“The story of Zenia ought to begin where Zenia began. It must have been someplace long ago and distant in space, thinks Tony; someplace bruised, and very tangled. A European print, hand-tinted, ochre-colored, with dusty sunglight and a lot of bushes in it – bushes with thick leaves and ancient twisted roots, behind which, out of sight in the undergrowth and hinted at only by a boot protruding, or a slack hand, something ordinary but horrifying is taking place.
Or this is the impression Tony has been left with. But so much has been erased, so much has been bandaged over, so much deliberately snarled, that Tony isn’t sure any longer which of Zenia’s accounts of herself was true. She can hardly ask now, and even if she could, Zenia wouldn’t answer. Or she would lie. She would lie earnestly, with a catch in her voice, a quaver of suppressed grief, or she would lie haltingly, as if confessing, or she would lie with a cool, defiant anger, and Tony would believe her. She has before.”
The story of three women – Tony, Roz, and Charis – who are friends thanks to their separate involvements with a woman they all knew at college. Zenia is beautiful, intelligent, and incredibly, unbelievably evil. At the beginning of the story it’s established that she has died, but five years later the three friends go to lunch together and spot Zenia, very obviously alive. Shit proceeds to hit the fan in a very Atwood-like way, and it is amazing and terrifying.
This book is the evidence I will produce if people ask me why I love Margaret Atwood so much. Unlike other female writers, whose books are usually along the lines of Men Ruin Everything For Us (I’m looking at you, Joyce Carol Oates), Atwood takes a different tactic. Her male characters are, at best, naive and easily manipulated – more children than men. At worst, they are still children, but more like playground bullies trying to prove their own superiority. None of them are ever aware that behind their backs the women are moving in their own separate world, wounding and betraying each other and generally being terrifying bitches. Even the nice women have secret mean streaks that are guaranteed to rear their heads at some point in the story.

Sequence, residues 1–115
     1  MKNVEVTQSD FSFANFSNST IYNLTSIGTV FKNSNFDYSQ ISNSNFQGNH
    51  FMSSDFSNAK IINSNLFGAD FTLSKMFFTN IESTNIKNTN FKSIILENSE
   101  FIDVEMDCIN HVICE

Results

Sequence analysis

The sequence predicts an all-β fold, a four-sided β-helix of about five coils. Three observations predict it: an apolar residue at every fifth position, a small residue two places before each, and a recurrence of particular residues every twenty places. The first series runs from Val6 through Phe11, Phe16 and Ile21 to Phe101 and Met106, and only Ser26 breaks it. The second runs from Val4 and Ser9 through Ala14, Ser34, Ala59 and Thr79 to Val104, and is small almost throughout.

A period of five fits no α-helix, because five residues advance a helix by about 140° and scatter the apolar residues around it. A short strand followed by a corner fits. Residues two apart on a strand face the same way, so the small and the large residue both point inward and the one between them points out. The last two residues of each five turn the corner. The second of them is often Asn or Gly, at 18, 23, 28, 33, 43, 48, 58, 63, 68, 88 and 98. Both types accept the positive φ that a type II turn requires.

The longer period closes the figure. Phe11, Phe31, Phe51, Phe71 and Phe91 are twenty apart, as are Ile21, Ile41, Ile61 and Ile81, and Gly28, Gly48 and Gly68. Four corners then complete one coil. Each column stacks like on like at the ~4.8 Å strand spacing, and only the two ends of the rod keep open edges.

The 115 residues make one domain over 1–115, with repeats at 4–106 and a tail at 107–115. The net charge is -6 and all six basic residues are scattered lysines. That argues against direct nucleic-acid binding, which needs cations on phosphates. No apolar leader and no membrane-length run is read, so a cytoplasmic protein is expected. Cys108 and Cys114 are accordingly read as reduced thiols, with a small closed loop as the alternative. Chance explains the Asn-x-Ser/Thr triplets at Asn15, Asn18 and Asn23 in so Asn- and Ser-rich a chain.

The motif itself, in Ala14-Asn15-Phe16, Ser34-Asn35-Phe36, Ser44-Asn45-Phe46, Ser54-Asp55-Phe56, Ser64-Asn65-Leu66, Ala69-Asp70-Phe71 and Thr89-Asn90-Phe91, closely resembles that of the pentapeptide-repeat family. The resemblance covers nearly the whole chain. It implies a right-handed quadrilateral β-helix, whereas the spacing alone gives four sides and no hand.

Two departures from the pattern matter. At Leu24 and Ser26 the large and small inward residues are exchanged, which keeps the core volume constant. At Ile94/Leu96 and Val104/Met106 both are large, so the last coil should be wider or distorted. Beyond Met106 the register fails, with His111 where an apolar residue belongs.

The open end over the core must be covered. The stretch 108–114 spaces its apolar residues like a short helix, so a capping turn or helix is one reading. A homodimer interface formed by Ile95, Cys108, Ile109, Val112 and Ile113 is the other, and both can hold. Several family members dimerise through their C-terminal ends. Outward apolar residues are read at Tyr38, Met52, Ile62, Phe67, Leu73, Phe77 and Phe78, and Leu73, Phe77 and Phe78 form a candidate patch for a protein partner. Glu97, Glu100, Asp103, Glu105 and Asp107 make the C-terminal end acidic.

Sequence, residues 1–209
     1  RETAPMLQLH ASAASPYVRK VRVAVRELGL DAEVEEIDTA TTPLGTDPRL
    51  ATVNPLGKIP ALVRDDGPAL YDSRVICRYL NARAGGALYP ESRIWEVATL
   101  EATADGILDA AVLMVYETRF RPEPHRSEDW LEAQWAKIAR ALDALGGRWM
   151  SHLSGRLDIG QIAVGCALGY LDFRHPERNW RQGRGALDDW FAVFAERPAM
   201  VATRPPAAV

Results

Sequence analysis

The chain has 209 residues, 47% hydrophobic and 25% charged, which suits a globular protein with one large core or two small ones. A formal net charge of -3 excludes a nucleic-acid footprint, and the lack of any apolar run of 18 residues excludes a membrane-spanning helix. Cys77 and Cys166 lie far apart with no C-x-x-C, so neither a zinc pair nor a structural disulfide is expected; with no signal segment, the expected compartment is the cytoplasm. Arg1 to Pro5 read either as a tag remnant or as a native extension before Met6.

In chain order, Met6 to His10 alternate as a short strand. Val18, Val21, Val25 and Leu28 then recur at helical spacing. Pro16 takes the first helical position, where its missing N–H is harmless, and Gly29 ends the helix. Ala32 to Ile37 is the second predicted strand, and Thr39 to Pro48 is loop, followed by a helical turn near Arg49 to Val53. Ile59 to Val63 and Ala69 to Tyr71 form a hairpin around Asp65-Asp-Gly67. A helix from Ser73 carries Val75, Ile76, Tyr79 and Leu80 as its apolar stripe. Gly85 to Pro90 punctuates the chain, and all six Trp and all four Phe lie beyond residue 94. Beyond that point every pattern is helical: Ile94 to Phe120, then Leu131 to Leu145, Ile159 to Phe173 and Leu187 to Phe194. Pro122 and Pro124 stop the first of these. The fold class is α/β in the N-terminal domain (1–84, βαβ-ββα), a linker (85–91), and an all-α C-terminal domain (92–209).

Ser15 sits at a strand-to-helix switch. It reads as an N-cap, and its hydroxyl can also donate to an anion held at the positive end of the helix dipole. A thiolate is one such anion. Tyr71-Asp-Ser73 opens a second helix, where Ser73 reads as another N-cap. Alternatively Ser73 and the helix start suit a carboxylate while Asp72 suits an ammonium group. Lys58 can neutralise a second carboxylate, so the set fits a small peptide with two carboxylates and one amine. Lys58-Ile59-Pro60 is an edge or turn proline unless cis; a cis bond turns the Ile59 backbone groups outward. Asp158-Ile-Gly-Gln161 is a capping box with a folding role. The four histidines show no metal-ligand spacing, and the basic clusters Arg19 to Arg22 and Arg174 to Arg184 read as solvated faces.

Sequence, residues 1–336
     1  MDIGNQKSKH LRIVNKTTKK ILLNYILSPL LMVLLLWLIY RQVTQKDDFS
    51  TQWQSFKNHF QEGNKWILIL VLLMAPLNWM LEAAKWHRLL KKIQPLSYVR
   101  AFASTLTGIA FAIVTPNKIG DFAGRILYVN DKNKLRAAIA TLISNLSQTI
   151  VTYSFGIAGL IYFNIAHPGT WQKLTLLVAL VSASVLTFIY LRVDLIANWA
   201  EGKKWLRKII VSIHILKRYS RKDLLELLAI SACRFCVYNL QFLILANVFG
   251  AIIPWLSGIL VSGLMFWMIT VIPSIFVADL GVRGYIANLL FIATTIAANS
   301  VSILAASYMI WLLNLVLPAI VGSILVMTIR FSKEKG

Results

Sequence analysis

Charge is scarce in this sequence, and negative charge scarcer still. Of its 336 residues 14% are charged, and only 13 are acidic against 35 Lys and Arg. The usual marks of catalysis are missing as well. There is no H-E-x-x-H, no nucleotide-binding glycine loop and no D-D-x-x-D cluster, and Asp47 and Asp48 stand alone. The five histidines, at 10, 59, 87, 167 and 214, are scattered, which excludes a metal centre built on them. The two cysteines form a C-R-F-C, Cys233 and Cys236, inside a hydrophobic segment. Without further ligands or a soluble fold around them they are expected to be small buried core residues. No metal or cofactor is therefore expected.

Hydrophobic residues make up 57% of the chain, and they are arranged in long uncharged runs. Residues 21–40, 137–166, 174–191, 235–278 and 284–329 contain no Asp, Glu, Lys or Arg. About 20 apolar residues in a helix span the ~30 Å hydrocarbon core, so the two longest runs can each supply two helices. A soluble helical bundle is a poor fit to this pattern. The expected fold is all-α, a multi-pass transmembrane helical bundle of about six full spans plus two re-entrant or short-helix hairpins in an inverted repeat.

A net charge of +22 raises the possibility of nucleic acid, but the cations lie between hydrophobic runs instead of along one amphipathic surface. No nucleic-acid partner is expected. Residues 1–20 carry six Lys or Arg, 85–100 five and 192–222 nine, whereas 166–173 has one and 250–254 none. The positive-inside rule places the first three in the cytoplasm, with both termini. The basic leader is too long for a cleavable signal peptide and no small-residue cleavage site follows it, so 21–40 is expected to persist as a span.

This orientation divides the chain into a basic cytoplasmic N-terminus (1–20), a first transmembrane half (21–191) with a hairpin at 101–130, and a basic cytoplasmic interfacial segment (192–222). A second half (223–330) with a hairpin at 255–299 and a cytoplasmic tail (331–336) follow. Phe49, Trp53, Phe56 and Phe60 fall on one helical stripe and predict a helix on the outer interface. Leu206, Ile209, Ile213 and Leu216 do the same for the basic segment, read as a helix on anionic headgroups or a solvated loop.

So in a nutshell, here’s my point: Joyce Carol Oates frequently uses men as the reason for womens’ problems (*coughBlondecough*) and clearly thinks they are naturally evil. Margaret Atwood, on the other hand, knows that women are a million times crueler than men can ever hope to be. To put it simply: Oates is a Lifetime Original Movie; Atwood is Mean Girls.
Verdict: five out of five stars